A 44-year-old man serving a life sentence in a prison in the Chugoku region believes that continuing to live a respectable life is the only atonement he can make for the families of the two people he killed.
The inmate, who has now served 15 years, has been behaving well and prison guards often describe him as an “exemplary” prisoner.
He was initially sentenced to death by a district court. However, a high court determined that there was a possibility he could be rehabilitated and reduced the punishment to a life term. This sentence was later finalized.
“The death penalty may have been upheld” if his trials had been conducted today because sentencing has gotten tougher, the inmate said in an interview in the prison’s visiting room.
Technically, inmates serving life terms can be released on parole if they serve 10 years, demonstrate signs of reform and meet other requirements. The reality, though, is that the period such inmates are actually serving has been getting longer, recently reaching an average of about 30 years, according to data released by the Justice Ministry.
Even so, the Chugoku inmate is happy just for the opportunity to atone.
“I’m grateful I escaped from being hanged and was given a chance to live and pay for my crime,” he said. “Getting parole is not something I should think about at the moment.”
Each year, he has been sending whatever money he earned from working in prison to his victims’ families.
He said he thinks that even if he has to spend the rest of his life in prison, it is his responsibility to do so in reflection.
Though he is repentant and an “exemplary” prisoner, it can be argued that his punishment has been significantly reduced under a system where the second-harshest sentence a court can hand down is life imprisonment with parole.
Amid criticism that the gap in severity between that and hanging is too enormous, legal experts are increasingly calling for a new sentence of life in prison with no chance of parole.
Last August, a committee formed by the Japan Federation of Bar Associations to study the possibility of abolishing the death penalty passed a resolution calling on the government to replace the death penalty with life imprisonment without parole.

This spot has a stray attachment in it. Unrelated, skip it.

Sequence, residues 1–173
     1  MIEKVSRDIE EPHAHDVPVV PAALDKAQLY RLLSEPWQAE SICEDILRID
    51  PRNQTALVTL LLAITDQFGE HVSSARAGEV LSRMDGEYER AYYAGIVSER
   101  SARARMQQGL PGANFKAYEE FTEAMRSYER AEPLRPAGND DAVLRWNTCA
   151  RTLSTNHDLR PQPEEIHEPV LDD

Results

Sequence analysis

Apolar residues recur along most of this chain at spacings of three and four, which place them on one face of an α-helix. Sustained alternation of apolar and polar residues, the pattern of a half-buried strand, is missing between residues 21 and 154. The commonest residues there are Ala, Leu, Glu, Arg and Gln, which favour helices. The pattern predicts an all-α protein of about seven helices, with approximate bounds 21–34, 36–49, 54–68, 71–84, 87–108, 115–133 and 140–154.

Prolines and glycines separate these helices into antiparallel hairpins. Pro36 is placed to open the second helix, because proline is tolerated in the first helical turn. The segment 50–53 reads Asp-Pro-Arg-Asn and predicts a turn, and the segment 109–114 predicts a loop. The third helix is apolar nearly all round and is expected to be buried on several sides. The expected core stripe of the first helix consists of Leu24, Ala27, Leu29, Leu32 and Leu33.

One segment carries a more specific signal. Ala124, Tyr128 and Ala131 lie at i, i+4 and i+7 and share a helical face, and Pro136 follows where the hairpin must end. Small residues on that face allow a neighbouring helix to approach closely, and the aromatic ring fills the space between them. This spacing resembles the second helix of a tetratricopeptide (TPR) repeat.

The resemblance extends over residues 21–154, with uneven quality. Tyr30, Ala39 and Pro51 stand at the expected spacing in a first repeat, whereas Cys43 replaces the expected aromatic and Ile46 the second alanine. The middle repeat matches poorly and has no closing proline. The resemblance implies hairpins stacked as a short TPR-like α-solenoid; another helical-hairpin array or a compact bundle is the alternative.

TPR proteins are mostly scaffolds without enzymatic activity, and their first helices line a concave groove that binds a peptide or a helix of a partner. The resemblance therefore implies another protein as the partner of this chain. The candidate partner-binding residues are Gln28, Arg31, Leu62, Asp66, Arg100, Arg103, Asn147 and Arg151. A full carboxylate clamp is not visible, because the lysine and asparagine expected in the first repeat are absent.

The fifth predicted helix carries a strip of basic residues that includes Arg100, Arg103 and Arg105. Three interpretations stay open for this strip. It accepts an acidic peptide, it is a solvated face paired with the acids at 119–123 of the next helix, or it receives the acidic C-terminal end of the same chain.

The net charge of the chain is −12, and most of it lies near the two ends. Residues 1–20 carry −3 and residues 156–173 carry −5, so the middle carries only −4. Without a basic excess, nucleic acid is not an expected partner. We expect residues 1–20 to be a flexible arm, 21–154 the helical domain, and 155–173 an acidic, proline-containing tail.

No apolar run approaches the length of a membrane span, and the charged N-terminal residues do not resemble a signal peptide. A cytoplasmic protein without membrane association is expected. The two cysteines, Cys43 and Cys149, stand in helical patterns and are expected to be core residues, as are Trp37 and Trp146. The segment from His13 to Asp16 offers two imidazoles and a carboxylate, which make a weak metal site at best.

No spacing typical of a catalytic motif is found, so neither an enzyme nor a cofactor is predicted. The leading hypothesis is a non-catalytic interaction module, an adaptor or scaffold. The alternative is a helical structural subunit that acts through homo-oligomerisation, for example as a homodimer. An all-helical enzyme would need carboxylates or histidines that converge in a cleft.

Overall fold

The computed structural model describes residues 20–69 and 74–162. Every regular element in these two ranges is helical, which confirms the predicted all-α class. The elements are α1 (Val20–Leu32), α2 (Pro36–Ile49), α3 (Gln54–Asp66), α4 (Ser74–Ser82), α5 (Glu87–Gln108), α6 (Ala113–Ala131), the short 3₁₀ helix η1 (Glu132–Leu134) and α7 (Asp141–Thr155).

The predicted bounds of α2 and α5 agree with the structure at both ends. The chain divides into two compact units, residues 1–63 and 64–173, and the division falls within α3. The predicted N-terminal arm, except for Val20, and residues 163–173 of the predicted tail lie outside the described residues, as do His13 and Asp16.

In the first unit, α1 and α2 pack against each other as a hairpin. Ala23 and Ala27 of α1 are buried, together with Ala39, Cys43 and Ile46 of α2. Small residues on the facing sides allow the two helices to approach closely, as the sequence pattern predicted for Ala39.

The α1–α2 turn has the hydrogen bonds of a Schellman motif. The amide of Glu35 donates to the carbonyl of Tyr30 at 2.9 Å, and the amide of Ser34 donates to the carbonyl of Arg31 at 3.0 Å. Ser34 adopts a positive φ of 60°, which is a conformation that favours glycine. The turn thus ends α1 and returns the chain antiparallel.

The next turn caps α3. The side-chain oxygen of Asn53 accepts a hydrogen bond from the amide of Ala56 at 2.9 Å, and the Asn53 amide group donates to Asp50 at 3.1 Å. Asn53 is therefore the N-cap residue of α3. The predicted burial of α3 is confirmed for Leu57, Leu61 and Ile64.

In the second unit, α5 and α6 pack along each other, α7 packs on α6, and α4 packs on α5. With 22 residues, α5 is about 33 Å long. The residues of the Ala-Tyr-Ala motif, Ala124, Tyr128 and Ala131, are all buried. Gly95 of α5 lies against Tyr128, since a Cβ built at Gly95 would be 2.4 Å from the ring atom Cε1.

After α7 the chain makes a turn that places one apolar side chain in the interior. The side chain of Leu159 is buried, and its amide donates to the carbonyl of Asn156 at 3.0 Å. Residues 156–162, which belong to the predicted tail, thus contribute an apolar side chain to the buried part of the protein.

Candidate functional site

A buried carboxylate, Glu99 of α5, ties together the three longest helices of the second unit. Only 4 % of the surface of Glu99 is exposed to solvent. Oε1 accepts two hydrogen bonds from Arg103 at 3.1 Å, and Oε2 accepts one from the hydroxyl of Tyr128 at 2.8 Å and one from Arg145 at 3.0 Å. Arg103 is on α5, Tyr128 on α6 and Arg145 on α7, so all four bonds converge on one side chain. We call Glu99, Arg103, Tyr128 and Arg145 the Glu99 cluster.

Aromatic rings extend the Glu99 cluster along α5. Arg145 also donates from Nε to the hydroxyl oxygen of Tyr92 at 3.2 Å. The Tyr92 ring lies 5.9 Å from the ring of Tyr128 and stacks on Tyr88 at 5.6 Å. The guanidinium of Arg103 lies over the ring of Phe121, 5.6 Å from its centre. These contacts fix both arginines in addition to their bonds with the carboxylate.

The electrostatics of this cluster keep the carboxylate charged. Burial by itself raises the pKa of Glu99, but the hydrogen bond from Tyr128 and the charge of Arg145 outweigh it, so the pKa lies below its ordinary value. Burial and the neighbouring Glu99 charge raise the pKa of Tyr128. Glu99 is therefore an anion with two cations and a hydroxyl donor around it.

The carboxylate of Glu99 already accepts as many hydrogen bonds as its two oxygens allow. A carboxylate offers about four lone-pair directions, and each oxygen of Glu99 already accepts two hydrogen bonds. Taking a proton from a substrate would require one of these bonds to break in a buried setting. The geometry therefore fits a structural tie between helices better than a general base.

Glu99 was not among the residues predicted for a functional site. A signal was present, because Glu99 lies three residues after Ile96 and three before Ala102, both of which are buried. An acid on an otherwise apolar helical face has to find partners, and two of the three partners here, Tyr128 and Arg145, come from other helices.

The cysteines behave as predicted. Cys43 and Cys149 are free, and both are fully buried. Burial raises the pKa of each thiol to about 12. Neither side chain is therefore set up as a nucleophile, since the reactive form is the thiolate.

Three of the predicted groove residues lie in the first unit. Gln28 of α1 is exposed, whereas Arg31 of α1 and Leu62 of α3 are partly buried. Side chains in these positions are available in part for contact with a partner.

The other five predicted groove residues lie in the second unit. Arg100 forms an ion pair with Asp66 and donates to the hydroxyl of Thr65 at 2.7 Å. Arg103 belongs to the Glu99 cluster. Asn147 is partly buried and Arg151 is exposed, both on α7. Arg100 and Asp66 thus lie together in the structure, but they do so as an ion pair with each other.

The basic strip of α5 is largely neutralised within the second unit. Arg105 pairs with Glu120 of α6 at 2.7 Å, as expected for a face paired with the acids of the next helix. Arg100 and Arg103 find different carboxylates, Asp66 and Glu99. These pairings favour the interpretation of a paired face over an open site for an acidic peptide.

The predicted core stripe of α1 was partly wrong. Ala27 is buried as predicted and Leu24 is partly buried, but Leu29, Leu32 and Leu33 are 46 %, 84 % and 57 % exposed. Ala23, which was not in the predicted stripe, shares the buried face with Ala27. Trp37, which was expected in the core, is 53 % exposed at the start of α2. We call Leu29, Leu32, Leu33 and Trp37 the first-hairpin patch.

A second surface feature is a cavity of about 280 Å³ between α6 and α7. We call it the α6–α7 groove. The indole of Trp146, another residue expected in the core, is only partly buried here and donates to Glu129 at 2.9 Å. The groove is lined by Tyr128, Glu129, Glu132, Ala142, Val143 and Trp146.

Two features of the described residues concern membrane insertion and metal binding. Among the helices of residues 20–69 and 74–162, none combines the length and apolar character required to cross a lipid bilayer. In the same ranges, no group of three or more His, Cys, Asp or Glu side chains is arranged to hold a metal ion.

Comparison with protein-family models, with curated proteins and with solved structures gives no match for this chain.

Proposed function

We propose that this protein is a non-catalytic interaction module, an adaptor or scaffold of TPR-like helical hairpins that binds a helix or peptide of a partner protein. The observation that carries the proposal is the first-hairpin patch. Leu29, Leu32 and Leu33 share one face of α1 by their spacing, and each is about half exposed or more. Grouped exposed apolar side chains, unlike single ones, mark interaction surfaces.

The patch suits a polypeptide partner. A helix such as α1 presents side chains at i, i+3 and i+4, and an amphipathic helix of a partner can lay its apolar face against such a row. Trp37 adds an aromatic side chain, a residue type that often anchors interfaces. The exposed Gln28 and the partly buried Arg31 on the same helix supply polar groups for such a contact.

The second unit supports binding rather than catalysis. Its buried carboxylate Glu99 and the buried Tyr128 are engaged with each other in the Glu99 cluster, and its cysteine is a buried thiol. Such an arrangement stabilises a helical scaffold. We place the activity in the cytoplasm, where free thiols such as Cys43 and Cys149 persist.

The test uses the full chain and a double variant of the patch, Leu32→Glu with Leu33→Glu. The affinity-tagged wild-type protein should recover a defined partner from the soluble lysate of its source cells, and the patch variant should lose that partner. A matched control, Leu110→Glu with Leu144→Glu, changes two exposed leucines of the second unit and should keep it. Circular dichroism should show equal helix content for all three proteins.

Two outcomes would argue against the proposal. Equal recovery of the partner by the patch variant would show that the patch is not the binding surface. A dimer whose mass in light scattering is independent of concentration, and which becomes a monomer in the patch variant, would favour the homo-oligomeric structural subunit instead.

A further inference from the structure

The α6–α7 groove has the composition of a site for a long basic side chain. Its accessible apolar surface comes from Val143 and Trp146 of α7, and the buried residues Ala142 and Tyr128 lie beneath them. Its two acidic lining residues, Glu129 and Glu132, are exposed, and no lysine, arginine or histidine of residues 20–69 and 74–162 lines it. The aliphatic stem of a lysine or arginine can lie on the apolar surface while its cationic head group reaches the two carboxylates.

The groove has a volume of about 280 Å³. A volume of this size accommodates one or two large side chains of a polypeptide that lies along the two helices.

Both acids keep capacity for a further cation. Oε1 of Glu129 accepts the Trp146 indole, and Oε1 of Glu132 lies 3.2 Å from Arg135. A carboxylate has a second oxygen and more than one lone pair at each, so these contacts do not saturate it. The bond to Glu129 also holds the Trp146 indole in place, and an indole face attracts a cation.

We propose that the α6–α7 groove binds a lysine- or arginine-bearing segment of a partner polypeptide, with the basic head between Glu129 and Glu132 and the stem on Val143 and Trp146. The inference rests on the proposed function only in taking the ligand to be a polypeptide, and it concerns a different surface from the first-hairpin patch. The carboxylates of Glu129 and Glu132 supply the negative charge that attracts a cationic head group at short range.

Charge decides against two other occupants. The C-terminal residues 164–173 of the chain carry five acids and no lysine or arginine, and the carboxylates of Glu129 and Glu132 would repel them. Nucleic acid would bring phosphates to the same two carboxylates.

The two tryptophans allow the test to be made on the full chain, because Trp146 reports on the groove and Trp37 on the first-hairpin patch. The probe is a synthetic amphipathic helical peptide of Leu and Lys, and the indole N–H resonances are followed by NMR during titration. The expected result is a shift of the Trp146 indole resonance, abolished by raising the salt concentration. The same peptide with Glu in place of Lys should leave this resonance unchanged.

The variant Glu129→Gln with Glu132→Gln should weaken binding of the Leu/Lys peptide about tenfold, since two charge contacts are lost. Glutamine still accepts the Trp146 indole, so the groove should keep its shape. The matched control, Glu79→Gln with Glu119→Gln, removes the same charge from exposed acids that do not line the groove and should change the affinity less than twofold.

It was the first time that an internal body of the lawyer federation has ever asked for the introduction of this kind of sentence. The attorneys apparently hope that with life imprisonment without parole in place, public support for capital punishment will weaken.
Some members of the federation have opposed the introduction of a life term without parole, arguing it would strip prisoners of any chance of returning to society.
Osamu Kamo, the chairman of the committee, disagrees.
“Discussions on the issue of life imprisonment without parole can’t be avoided if you really want to abolish capital punishment,” Kamo said. “The federation needs to lay out a clear position on the issue.”
Inmates on death row appear divided on whether life imprisonment without parole should be introduced.
Of 78 respondents to a survey of condemned prisoners conducted last year by Social Democratic Party leader Mizuho Fukushima, 37 said they would favor such a penalty structure, while 24 said they are against it or are not sure.
Yukio Kaneiwa, on death row for killing two people, said he supports the idea because then he wouldn’t have to worry every morning whether this is the day he will finally encounter the hangman’s noose.
Keizo Okamoto, another death-row inmate who also killed two people, said he opposes the introduction.
“I think (a life term without parole) is even crueler than the death penalty. For what purpose should we continue to live?” he wrote in reply to the survey last fall.
Eiichi Shimoura, who murdered three people, answered, “I doubt the public would accept the abolishment of capital punishment unless a new penalty of a life sentence without parole is established.”